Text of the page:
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Manik Bandyopadhyay (May 29, 1908 – December 3, 1956) marked a special place for himself in Bengali literature. His stories brought a psychological insight into human characters in Bengali fiction otherwise dominated by romantic and social themes. We have recorded for this month one of his masterpieces, Atashimami which represents his inclinations. Atashi was not just attached to her husband, she loved his music, his flute and she mastered his skill herself.

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Premendra Mitra (September, 1904 – May 3, 1988) tried several trades for his livelihood. He worked as a sales representative as well as a professor. None of these could satisfy this man of a truant nature. But it furnished him with huge experience of human life, a wealth he spent in his later successful career as a poet, novelist, writer of short story and science fiction and film director. We remember him mostly as a creator of Ghanada, Mejo Karta and some thrilling films. His poems and stories were true representations of his time. Our short story for this month, Sangsar Simante by this author, presents two characters who live just on the margin with no past, a gloomy present and an uncertain future. They together plan to start their life afresh. Listen to the story to know what happens next.

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Rahmat Sheikh is a grave-digger at a suburban cemetery. The town is advancing towards this graveyard. New houses are being built; number of dead bodies is increasing. But Rahmat Sheikh cares little for all this. He is a digging machine. He does not understand why people are so sensitive to corpses, why they react so violently when they notice a petty error on his part. This grave-digger once goes to the town and meets an accident. The victim is still alive. Rahmat Sheikh begs for help. But none has time to stand and stare. We are happy to present to our listeners this short story, Khanankari by Mainul Ahasan Sabir, a popular writer from Bangladesh.

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Ishwar Chandra Vidyasagar (September 26, 1820 - July 29, 1891) has permanent place in the heart of the Indians for his profound influence on social and cultural movements. We, however, hardly read his calm and sweet prose which unleashed a new prose style in Bengali literature. Everything Vidyasagar he did had a rationale behind it. He translated many stories into Bengali for developing reading habit. These stories are unique in style and theme. We remember this great man on his birthday by podcasting such a story which, we are sure, you will like.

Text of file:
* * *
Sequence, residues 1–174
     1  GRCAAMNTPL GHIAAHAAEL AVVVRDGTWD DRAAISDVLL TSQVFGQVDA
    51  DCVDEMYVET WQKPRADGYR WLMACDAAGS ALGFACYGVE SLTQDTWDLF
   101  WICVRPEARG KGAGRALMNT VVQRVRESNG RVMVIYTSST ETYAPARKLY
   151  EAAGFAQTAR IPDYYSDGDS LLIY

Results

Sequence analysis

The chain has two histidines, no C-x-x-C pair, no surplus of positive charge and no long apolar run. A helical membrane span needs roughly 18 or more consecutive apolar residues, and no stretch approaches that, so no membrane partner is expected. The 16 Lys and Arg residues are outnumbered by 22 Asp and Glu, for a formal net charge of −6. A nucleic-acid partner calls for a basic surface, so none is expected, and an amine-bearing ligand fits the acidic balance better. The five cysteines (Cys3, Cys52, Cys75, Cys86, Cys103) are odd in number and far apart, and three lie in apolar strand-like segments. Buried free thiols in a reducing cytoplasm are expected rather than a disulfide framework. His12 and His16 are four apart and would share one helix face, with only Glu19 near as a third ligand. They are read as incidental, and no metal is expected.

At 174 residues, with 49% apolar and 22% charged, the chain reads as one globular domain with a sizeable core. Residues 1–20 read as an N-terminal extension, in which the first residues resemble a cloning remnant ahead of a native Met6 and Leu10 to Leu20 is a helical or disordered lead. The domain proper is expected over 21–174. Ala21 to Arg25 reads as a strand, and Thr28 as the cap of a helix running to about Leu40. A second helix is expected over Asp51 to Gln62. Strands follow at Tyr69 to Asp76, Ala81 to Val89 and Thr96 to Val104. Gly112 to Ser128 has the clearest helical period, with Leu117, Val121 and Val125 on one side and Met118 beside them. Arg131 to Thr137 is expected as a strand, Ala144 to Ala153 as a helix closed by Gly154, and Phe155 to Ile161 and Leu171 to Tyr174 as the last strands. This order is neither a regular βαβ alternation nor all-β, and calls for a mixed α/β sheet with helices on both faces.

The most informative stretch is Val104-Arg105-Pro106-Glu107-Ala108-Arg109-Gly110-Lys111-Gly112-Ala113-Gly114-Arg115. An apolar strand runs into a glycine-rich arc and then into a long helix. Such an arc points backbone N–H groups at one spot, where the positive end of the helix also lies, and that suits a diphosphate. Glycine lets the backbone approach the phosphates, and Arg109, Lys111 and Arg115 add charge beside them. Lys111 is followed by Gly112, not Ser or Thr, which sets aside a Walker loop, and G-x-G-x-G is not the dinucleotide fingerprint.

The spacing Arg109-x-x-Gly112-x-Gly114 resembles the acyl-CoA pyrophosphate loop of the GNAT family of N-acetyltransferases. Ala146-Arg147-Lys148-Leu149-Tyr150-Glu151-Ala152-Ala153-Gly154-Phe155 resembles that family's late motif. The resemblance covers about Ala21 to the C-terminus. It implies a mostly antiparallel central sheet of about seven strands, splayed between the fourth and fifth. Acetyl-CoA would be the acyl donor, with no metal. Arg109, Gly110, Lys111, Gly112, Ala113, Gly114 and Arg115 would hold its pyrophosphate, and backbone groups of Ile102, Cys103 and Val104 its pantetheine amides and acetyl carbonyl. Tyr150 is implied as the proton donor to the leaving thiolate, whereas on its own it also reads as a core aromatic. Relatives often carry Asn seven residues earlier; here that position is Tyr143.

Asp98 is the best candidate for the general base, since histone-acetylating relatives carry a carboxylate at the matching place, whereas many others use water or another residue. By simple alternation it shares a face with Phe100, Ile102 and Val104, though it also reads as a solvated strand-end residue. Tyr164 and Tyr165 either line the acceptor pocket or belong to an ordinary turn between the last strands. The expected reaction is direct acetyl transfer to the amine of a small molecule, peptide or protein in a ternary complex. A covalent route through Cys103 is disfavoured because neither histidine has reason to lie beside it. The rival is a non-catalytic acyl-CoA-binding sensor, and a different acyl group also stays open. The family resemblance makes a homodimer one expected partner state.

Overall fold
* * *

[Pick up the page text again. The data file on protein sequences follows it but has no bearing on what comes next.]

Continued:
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Sharat Chandra Chattopadhyay (September 15, 1876 — January 16, 1938) touches our heart even today when the society has changed so much. Life has become too fast and complicated for us to stand and stare and think. Still when we go back to his writings, we find faith and peace. His story speaks of noble human qualities and poetic justice. Chhabi, our present selection, is a romantic story that has the typical characteristics of a Sharat Chandra story.

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Sayan, a journalist, has a peculiar assignment. His new editor has asked him to find out someone who has a vivid memory of Baishe Shraban, the date on which Rabindranath Tagore breathed his last. Sayan succeeds in tracing a nonagenarian woman whose life was profoundly influenced by the death of the poet. Though he refrains from publishing the interview, he discovers Rabindranath’s influence is as strong in 2015 as it was in 1941 on those who read his works. Listen to the end of this story by Sourabh Mukhopadhyay; otherwise you will really miss a wonderful story.

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Dasharath is a skeleton collector. He digs it out, cleans and bleaches it and brings it to the supplier. He believes that skeleton is the final and finest outcome of humanh life. Everything - skin, muscle, blood - decays; only the skeleton survives. He has one regret, he never finds a perfect skeleton. All skeletons have fractured bones somewhere. Dasharath is a happy man. He offered pinda (post-death offering) to his deceased father. His son Ram will do the same when he dies. Listen to this story by Mahasweta Debi (January 14, 1926 – July 28, 2016) to know if Dasharath's hopes are fulfilled.

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Sajal is a failure in life. He wanted to become a singer, he could not shine. He knows for certain that he is not the biological father of his legitimate son. His wife, Sulata, does everything for the family; but she is too cold. Our story for this month, Shonkur Baba, centres on the question of paternity. This is a story by one of the most renowned Bengali poets, Nirendranath Chakraborty (born on October 19, 1924). He received Sahitya Academy Award in 1974 for the book of poems Ulanga Raja. We are sure, this story will not frustrate the listeners.

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Madhusudan Majumdar (June 24, 1921 – November 29, 1981) was known for his editorial role. He was the first business Editor of Shuktara when Deb Sihitya Kutir started this children's magazine shortly after independence. His success with Shuktara thrust upon him the responsibility for Naba Kallol when it was started in March, 1960. Shri Majumdar lost his sight at the age of eight. He received his elementary education in Braille at Calcutta Blind School. Later he studied at Brahma Boys School at Jhamapukur, Kolkata and graduated from Presidency College. Despite his blindness, he continually wrote reviews for the theatre section of Naba Kallol. He was a voracious reader and maintained a very cordial relationship with writers. This quality of his character made his task easy to manage a publishing house like Deb Sahitya Kutir. He also wrote several stories and novels. He was one of the founder Vice-Presidents of Blind Persons' Association.